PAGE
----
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If you're in a humid climate and using a sealed container, you better be transferring it over and always opening/closing it in an environmentally controlled room. Otherwise, you're trapping humidity in the container........so what's the point of keeping it sealed? If the sun hits that container, green house effect and mold. I heard someone was using a desiccant bag in their charcoal container--LOL. Charcoal is the best desiccant out there--it was probably drawing the moister OUT of the desiccant bag.
Just leave it in the bag, in a covered area. Fold the top over so that the dust isn't getting out if you bump into it, and you garage dust or critters are not getting in. If you're really concerned about the humidity, keep it in the house.
If you really want to start a war, buy a Cotronics ceramic gasket from me and post how it FREAKIN ROCKS.henapple said:Well..amazon never threw me under the bus...so I will spend the extra 23 cents. Of course I'm inexperienced.
I get nervous when we get any less than this:
lkapigian said:Large BGE, Nest, Plate Setter, 2 daisy wheels, custom cabinet with nice work top 60 plus pounds of lump.and various tools ...........Paid $300.00 :)
RRP said:I agree! The thing that gets me though is what is the attraction or bragging rights to dumping out a softball size chunk of lump? Anytime I pour in my charcoal and one those huge pieces fall out I pick the friggen thing up and toss it in a box I have. Then after I have a bunch I take a hammer to them and crush them into "startable/burnable" sizes! This huge chunk-size has always baffled me!TUTTLE871 said:To be honest I think that RO puts equal amounts in each bag, it just depends if you are getting bags from the bottom of a pallet or the top. That's my thought process on it.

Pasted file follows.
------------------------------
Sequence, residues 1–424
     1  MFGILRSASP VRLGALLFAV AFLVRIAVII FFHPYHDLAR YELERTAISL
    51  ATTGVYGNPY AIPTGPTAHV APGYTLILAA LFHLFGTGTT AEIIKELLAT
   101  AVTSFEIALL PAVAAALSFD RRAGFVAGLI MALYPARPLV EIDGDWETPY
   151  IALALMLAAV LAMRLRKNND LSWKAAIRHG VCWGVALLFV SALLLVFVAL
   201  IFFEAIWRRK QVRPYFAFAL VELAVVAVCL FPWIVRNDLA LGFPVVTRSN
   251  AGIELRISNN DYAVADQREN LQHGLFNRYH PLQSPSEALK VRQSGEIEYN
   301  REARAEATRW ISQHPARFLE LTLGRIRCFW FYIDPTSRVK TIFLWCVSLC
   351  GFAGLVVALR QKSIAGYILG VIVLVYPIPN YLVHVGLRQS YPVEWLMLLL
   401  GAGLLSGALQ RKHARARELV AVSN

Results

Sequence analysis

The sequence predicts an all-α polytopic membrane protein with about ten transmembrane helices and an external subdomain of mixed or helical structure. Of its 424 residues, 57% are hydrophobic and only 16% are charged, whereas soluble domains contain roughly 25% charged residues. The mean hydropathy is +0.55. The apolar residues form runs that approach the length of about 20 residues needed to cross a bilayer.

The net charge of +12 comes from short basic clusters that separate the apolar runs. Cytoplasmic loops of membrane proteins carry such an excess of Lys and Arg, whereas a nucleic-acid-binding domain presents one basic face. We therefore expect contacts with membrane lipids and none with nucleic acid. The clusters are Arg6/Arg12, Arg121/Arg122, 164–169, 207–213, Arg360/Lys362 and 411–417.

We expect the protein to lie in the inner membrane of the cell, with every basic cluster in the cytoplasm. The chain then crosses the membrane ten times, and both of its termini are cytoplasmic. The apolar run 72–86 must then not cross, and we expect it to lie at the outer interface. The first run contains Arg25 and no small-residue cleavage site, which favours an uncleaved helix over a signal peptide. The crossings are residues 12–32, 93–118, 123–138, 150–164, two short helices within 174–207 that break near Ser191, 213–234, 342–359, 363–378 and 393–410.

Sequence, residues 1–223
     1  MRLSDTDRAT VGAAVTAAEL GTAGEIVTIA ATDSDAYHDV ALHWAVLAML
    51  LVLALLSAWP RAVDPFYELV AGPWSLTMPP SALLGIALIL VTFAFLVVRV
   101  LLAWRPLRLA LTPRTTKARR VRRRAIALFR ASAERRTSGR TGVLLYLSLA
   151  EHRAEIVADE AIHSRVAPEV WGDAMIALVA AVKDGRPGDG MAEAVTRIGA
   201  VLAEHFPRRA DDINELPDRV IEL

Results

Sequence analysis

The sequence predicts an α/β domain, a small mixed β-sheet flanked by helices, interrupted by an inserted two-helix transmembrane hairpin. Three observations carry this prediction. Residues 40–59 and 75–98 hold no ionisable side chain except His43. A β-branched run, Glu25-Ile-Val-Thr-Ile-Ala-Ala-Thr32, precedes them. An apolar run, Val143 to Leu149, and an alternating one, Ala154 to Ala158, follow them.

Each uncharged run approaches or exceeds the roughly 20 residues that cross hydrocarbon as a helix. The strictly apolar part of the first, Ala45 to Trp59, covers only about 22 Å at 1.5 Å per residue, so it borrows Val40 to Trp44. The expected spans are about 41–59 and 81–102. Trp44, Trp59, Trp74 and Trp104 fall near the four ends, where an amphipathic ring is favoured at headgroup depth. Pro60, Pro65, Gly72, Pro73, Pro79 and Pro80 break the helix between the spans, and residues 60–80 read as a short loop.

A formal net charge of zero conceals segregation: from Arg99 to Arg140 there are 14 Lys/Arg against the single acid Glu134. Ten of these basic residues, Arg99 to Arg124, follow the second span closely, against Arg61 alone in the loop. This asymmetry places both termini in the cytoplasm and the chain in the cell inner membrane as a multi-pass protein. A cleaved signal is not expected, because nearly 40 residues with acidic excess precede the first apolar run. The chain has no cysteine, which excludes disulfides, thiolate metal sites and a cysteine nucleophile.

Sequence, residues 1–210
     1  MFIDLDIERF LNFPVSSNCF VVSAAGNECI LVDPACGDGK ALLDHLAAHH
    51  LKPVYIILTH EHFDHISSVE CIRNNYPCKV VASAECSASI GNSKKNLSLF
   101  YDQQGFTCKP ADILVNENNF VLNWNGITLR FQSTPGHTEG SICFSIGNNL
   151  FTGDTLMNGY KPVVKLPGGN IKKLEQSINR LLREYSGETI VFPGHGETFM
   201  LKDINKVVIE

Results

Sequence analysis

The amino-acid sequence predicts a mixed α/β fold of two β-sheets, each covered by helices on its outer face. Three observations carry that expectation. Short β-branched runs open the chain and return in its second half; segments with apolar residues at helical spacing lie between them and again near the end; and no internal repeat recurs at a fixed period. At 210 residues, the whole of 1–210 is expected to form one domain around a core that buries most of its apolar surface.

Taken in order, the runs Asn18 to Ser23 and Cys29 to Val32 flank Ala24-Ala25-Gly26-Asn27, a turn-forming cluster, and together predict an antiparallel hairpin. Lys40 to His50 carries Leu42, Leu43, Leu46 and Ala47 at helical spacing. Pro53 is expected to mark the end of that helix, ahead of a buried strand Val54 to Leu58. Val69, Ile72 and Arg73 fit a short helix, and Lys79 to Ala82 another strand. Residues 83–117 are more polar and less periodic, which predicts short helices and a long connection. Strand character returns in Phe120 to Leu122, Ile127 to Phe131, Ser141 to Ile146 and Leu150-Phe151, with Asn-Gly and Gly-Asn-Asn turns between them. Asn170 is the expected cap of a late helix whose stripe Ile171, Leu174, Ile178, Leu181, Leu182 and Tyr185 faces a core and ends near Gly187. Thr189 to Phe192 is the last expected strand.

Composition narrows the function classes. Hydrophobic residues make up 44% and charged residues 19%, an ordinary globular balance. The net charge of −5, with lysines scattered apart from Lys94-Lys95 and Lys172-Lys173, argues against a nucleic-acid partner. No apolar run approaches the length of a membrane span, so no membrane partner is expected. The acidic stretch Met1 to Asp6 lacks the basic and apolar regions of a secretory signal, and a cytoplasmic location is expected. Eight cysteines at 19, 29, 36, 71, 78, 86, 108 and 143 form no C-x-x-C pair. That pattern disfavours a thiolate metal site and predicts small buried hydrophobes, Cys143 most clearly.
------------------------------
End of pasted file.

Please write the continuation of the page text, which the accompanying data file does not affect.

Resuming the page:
This. If it's properly carbonized, it all burns the same if the O2 can get to it. The only problem is if you have a LOT of gravel sized charcoal that packs together in the firebox and will not let the air flow through.
For a charcoal manufacturer you can never make everyone happy. If the chunks are too small, the BGE guys complain; if the chunks are to large, everyone else complains. We shoot for medium to large, knowing that they're going to break down in the palletizing, shipping, and stocking process anyway.....result, hopefully medium if it didn't get too beat up. It will run in a BGE, gravity fed vertical, Weber, WHATEVER no problems.
And for anyone that thinks lump sorted and bagged by size--it's not. It's not like apples, potatoes, & onions going down a conveyor belt falling through certain sized holes, then getting bagged by size. It comes out of the kiln, cools, then goes down a grated metal conveyor that allows the fines to fall through (ours travels on a 1x1"). Anything left on the belt goes into the chute, and into the bags. The fines are collected and sent to the briquette plant. Past that, there is no "sorting" by size--the odd and jagged shapes would make it nearly impossible. Even if you could, you would have to have different sized bags for the same weight.
BTW, as I mentioned in another post, it's almost impossible for a US charcoal manufacturer to make a lump with huge chunks due to EPA requirements. You have to slow burn to get those results--and with the pull of afterburners on the kilns, slow burn methods are pretty much gone. Even if you could get it, properly carbonized lump is brittle and those chunks could/would break at some point.
I'm rambling, but you get the point.......small, medium, large, HUGE.....it all burns the same in the end. Find a charcoal you like, and load up.